Flexible Hydropower Will Be Critical to Electricity Transmission in 2050

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Flexible Hydropower Will Be Critical to Electricity Transmission in 2050


June 28, 2021


Cameron Schilling, Vice President, Market Strategies and Regulatory Affairs, NHA


Flexible Hydropower Will Be Critical to Electricity Transmission in 2050

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Hydropower is the largest source of clean, flexible electricity on the electrical transmission grid today. Roughly, 70% of the total hydro fleet has some ability to dispatch or shift generation to follow load.

The flexibility of the current fleet is valuable, but what about the value in 2050 when the grid will be mostly powered by renewables?

The results of a first-ever detailed power system integration study for the entire North American continent released in June 2021 by the National Renewable Energy Laboratory (NREL) shows that hydropower’s flexibility will dramatically lower costs, help integrate variable resources, and lower overall emissions.

The Deep Dive

The North American Renewable Integration Study (NARIS) is a detailed power assessment of the North American electric power transmission grid. The study examines how the interconnected power system can be leveraged to reliably and cost effectively integrate wind, solar and hydropower.

The study also looked at several pathways for both the U.S. and Canada to meet ambitious 2050 climate goals to better understand the impacts these policies could have on the evolving grid.

Using optimization modeling tools, the study analyzed the value of hydropower flexibility in these high renewable scenarios.

Study investigators were able to estimate the actual value to the system by taking the existing fleet and disabling its flexibility. Essentially, they ran their 2050 5-minute dispatch model twice:

1) once assuming all hydropower operated as run of river (no flexibility); and

2) again with today’s flexibility characteristics.

The difference between the two scenarios demonstrates the value of hydro’s flexibility (both in Canada and the United States).

The results are remarkable. The flexibility of hydropower:

  • reduces costs to the grid by $2.3 billion, equal to 3% of total system production costs;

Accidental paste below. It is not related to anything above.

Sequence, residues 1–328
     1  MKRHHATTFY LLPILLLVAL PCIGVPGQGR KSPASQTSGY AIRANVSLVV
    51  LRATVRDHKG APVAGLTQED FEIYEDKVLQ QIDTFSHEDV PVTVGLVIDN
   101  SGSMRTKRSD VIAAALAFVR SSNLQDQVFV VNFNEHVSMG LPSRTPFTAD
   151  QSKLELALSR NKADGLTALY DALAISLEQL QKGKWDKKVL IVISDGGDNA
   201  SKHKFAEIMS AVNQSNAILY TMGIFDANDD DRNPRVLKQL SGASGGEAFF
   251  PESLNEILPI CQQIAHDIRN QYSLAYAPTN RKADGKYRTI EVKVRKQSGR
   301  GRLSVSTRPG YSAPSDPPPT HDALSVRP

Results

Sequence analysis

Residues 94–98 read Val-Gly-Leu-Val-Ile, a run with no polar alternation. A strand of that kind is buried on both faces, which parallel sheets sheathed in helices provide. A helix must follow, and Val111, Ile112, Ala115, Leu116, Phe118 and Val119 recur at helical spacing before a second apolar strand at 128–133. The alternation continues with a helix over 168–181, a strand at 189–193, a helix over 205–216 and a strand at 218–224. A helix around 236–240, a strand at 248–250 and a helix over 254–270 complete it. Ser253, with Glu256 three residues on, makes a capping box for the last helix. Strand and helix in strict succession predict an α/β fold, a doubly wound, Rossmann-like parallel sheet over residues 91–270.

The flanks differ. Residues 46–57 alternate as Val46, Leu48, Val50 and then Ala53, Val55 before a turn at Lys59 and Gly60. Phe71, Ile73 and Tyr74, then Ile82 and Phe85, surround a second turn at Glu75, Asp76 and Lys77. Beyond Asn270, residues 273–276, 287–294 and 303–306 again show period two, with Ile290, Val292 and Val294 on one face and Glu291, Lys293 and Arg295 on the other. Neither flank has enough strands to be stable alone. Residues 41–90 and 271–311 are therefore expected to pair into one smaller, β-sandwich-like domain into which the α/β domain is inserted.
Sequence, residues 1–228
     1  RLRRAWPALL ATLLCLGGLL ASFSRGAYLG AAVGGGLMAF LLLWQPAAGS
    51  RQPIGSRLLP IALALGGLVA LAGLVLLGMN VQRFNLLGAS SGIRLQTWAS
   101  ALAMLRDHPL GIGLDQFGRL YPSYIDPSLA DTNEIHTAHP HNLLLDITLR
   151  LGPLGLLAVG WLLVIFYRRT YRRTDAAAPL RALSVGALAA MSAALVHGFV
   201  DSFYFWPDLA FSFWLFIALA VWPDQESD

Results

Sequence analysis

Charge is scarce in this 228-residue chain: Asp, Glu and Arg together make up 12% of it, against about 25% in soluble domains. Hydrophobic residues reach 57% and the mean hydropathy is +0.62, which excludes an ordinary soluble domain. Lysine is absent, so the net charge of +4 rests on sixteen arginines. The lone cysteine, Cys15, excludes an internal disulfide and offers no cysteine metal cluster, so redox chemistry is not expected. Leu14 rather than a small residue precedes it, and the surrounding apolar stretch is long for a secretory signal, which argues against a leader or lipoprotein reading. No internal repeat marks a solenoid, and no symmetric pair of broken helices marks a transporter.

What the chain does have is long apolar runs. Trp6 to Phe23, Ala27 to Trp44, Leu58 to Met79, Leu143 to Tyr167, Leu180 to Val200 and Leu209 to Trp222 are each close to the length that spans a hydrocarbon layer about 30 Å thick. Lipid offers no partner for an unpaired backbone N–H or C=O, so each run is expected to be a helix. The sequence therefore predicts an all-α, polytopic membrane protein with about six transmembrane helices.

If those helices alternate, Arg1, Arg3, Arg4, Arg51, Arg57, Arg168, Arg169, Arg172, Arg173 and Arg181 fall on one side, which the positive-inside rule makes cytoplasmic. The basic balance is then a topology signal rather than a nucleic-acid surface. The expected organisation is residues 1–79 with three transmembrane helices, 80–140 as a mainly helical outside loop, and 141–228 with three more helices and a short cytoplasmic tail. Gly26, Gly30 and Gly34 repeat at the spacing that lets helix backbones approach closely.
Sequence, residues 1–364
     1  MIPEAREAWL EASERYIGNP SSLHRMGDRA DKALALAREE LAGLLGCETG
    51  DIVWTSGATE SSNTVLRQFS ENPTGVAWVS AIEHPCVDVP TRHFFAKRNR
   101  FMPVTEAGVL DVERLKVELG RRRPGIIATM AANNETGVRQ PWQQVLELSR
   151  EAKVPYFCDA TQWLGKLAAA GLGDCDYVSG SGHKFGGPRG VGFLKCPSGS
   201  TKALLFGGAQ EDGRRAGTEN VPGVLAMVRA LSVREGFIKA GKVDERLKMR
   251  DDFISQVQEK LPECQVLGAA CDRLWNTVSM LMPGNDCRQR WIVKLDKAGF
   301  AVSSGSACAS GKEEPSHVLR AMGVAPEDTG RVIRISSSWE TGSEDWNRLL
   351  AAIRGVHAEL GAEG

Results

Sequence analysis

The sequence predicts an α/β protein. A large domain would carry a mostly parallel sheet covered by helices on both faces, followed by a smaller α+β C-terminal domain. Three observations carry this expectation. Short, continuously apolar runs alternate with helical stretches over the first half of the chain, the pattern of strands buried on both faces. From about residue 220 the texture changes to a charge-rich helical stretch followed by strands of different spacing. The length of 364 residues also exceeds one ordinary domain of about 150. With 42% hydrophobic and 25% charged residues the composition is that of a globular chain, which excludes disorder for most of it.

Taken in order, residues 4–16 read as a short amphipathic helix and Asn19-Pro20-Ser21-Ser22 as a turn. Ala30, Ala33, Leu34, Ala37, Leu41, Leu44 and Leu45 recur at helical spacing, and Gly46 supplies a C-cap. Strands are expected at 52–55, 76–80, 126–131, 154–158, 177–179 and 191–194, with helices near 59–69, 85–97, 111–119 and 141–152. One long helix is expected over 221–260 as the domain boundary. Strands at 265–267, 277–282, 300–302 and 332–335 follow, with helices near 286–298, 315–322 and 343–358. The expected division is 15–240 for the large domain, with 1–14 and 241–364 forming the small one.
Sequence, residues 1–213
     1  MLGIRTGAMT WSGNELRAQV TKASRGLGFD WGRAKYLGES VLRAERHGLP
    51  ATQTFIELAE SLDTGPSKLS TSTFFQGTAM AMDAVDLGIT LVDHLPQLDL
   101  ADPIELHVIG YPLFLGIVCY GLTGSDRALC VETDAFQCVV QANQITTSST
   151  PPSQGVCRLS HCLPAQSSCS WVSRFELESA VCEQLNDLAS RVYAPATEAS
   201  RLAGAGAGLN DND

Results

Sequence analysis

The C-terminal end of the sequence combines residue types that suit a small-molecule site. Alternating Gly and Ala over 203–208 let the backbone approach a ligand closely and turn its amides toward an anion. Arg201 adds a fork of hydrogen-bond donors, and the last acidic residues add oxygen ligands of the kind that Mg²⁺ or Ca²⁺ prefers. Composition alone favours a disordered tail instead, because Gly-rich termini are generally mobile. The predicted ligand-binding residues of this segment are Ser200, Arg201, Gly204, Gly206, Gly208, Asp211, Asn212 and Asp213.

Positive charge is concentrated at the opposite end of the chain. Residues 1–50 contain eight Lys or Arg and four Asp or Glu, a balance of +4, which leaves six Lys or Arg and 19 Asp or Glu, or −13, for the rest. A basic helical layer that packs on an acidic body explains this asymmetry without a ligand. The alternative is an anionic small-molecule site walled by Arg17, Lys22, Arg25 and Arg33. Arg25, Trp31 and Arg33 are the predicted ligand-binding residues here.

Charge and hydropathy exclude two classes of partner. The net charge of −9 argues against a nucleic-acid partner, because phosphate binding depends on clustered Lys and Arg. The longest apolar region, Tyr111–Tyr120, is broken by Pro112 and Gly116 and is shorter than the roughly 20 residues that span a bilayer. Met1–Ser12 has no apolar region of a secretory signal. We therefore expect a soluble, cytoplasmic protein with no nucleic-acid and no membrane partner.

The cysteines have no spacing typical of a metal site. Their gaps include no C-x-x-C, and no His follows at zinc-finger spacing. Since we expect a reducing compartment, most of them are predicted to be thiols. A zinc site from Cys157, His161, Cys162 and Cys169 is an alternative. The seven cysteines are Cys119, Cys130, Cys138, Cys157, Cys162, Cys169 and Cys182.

• reduces curtailments (the times when solar and wind are over generating) by almost 10%; and
  • reduces total overall emissions by 1.3%.

These projections are made even more impressive by the fact that the NARIS study did not include the additional benefits that could be gained from new pumped storage or adding a hydropower component to existing dams.

Essentially, these values represent what the existing fleet could do in 2050 — assuming the existing flexibility of the nation’s hydro assets can be maintained.

Why It Matters:

Hydro Is a ‘Force Multiplier’ for other Renewables

Much of the value that hydropower flexibility provides is by avoiding the curtailment of wind and solar. Wind and solar typically have the highest curtailments in April in the model. This is because of high energy production combined with low loads. April is also the month that hydro provides its most in terms of production cost value.

In addition, hydropower will contribute significantly to the net peak in late summer. Figure 49 shows that hydro in the western interconnection will provide 30 GWs toward the 120 GW net peak load (the net peak is the total load minus the output from wind and solar).

The net peak in late summer is the time of year that the California Independent System Operator (CAISO) grid is stressed the most. As we saw in the August 2020 blackouts, even though average output from hydro is lower in the late summer months the ability of flexible hydro to generate at the net peak provides valuable energy and capacity when the grid needs it most.

That value is going to be even more important in a 2050 high renewable grid.